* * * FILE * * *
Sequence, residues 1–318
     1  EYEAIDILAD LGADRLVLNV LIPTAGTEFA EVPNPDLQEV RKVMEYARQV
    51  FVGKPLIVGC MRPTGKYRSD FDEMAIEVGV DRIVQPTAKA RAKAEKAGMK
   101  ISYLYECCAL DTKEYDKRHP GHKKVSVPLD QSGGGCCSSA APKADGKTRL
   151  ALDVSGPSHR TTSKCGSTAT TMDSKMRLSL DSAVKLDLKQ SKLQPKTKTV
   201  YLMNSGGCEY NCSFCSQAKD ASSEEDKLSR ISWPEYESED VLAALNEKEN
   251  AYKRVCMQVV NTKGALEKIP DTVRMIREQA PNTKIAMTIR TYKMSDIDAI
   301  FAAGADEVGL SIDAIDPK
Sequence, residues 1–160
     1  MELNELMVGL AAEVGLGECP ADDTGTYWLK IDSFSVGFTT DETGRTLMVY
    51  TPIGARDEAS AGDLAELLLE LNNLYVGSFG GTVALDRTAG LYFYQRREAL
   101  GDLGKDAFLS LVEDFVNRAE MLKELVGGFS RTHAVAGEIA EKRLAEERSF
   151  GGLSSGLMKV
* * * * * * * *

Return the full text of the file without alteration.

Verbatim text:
Sequence, residues 1–318
     1  EYEAIDILAD LGADRLVLNV LIPTAGTEFA EVPNPDLQEV RKVMEYARQV
    51  FVGKPLIVGC MRPTGKYRSD FDEMAIEVGV DRIVQPTAKA RAKAEKAGMK
   101  ISYLYECCAL DTKEYDKRHP GHKKVSVPLD QSGGGCCSSA APKADGKTRL
   151  ALDVSGPSHR TTSKCGSTAT TMDSKMRLSL DSAVKLDLKQ SKLQPKTKTV
   201  YLMNSGGCEY NCSFCSQAKD ASSEEDKLSR ISWPEYESED VLAALNEKEN
   251  AYKRVCMQVV NTKGALEKIP DTVRMIREQA PNTKIAMTIR TYKMSDIDAI
   301  FAAGADEVGL SIDAIDPK
Sequence, residues 1–160
     1  MELNELMVGL AAEVGLGECP ADDTGTYWLK IDSFSVGFTT DETGRTLMVY
    51  TPIGARDEAS AGDLAELLLE LNNLYVGSFG GTVALDRTAG LYFYQRREAL
   101  GDLGKDAFLS LVEDFVNRAE MLKELVGGFS RTHAVAGEIA EKRLAEERSF
   151  GGLSSGLMKV